A sound card (also known as an audio card) is an internal computer expansion card that facilitates the input and output of audio signals to and from a computer under control of computer programs. The term sound card is also applied to external audio interfaces that use software to generate sound, as opposed to using hardware inside the PC.
Sound cards usually feature a digital-to-analog converter (DAC), which converts recorded or generated digital data into an analog format. The output signal is connected to an amplifier, headphones, or external device using standard interconnects, such as a TRS connector or an RCA connector. Digital sound reproduction is usually done with multichannel DACs.
An important sound card characteristic is polyphony, which refers to its ability to process and output multiple independent voices or sounds simultaneously. These distinct channels are seen as the number of audio outputs, which may correspond to a speaker configuration such as 2.0 (stereo), 2.1 (stereo and sub woofer), 5.1 (surround), or other configuration. Sometimes, the terms voice and channel are used interchangeably to indicate the degree of polyphony, not the output speaker configuration.
Professional soundcards are special soundcards optimized for real-time (or at least low latency) multichannel sound recording and playback, including studio-grade fidelity. Their drivers usually follow the Audio Stream Input Output protocol for use with professional sound engineering and music software, although ASIO drivers are also available for a range of consumer-grade soundcards.
USB sound “cards” are mostly external boxes that plug into the computer via USB.
The USB specification defines a standard interface, the USB audio device class, allowing a single driver to work with the various USB sound devices and interfaces on the market.
|Pink||Analog microphone audio input.||3.5 mm TRS||A microphone|
|Light blue||Analog line level audio input.||3.5 mm TRS||An arrow going into a circle|
|Lime green||Analog line level audio output for the main stereo signal (front speakers or headphones).||3.5 mm TRS||Arrow going out one side of a circle into a wave|
|Brown/Dark||Analog line level audio output for a special panning,’Right-to-left speaker’.||3.5 mm TRS|
|Black||Analog line level audio output for surround speakers, typically rear stereo.||3.5 mm TRS|
|Orange||Analog line level audio output for center channel speaker and subwoofer||3.5 mm TRS|
|Gold/Grey||Game port / MIDI||15 pin D||Arrow going out both sides into waves|
To use a sound card, the operating system (OS) typically requires a specific device driver. This is a low-level program that handles the data connections between the physical hardware and the operating system. Some operating systems include the drivers for some or all cards available, in other cases the drivers are supplied with the card itself, or are available for download.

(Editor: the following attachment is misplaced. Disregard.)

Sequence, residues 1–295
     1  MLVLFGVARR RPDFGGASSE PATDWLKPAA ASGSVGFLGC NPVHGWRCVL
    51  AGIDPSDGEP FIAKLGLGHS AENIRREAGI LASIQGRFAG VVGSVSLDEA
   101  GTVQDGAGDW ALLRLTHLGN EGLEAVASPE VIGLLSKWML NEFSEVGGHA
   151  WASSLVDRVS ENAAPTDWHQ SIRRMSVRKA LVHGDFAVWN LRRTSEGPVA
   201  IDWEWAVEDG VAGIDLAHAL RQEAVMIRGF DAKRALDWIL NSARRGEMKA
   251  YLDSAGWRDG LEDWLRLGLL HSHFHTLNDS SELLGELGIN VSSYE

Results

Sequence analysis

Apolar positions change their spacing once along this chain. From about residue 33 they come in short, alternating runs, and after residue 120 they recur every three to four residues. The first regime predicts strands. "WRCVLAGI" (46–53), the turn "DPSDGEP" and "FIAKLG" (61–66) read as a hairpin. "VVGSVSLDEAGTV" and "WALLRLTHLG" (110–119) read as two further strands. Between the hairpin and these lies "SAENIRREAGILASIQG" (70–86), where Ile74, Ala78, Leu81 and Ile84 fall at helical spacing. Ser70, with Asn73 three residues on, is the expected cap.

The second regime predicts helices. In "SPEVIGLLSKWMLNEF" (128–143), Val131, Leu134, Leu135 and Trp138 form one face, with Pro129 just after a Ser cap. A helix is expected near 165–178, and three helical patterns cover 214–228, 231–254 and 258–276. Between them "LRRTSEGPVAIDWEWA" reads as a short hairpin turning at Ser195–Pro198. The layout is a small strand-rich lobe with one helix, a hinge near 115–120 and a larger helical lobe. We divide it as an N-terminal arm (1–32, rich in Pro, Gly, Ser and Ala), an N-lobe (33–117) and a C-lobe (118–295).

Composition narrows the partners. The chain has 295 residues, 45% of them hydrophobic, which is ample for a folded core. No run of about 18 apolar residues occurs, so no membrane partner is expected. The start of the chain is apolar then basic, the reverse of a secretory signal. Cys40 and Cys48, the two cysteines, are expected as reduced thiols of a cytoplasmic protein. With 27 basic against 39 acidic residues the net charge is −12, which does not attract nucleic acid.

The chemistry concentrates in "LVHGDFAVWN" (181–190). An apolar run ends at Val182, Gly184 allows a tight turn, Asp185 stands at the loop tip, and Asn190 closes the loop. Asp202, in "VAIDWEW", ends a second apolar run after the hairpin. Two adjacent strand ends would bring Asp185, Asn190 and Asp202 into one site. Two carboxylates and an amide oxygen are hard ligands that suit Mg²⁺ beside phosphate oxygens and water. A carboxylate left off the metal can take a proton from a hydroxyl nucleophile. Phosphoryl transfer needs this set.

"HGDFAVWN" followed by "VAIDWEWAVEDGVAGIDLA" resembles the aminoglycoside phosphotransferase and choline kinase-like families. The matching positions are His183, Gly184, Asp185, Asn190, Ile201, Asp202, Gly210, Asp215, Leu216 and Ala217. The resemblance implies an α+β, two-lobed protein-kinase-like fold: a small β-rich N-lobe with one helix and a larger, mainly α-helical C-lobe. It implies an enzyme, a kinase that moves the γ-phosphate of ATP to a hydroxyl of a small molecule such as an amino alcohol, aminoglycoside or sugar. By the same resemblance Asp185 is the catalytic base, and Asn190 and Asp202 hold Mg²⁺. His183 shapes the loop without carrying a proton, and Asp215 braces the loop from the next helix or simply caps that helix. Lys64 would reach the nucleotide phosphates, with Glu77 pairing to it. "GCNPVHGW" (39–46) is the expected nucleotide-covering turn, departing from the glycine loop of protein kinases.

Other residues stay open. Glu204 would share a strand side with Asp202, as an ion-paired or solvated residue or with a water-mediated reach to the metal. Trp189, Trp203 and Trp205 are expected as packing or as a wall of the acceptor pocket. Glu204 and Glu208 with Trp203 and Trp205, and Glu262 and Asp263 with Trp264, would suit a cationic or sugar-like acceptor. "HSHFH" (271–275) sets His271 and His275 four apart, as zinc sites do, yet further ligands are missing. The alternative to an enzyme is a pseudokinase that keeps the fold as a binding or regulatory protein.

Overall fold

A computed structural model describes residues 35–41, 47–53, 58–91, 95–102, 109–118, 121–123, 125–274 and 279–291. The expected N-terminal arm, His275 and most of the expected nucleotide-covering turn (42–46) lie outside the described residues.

* DOS programs for the IBM PC often had to use universal middleware driver libraries (such as the HMI Sound Operating System, the Miles Audio Interface Libraries (AIL), the Miles Sound System etc.) which had drivers for most common sound cards, since DOS itself had no real concept of a sound card. Some card manufacturers provided (sometimes inefficient) middleware TSR-based drivers for their products. Often the driver is a Sound Blaster and AdLib emulator designed to allow their products to emulate a Sound Blaster and AdLib, and to allow games that could only use SoundBlaster or AdLib sound to work with the card. Finally, some programs simply had driver/middleware source code incorporated into the program itself for the sound cards that were supported.
* Microsoft Windows uses drivers generally written by the sound card manufacturers. Many device manufacturers supply the drivers on their own discs or to Microsoft for inclusion on Windows installation disc. Sometimes drivers are also supplied by the individual vendors for download and installation. Bug fixes and other improvements are likely to be available faster via downloading, since CDs cannot be updated as frequently as a web or FTP site. USB audio device class support is present from Windows 98 SE onwards. Since Microsoft’s Universal Audio Architecture (UAA) initiative which supports the HD Audio, FireWire and USB audio device class standards, a universal class driver by Microsoft can be used. The driver is included with Windows Vista. For Windows XP, Windows 2000 or Windows Server 2003, the driver can be obtained by contacting Microsoft support. Almost all manufacturer-supplied drivers for such devices also include this class driver.
* A number of versions of UNIX make use of the portable Open Sound System (OSS). Drivers are seldom produced by the card manufacturer.
* Most present day Linux distributions make use of the Advanced Linux Sound Architecture (ALSA). Up until Linux kernel 2.4, OSS was the standard sound architecture for Linux, although ALSA can be downloaded, compiled and installed separately for kernels 2.2 or higher. But from kernel 2.5 onwards, ALSA was integrated into the kernel and the OSS native drivers were deprecated. Backwards compatibility with OSS-based software is maintained, however, by the use of the ALSA-OSS compatibility API and the OSS-emulation kernel modules.
* Mockingboard support on the Apple II is usually incorporated into the programs itself as many programs for the Apple II boot directly from disk. However a TSR is shipped on a disk that adds instructions to Apple Basic so users can create programs that use the card, provided that the TSR is loaded first.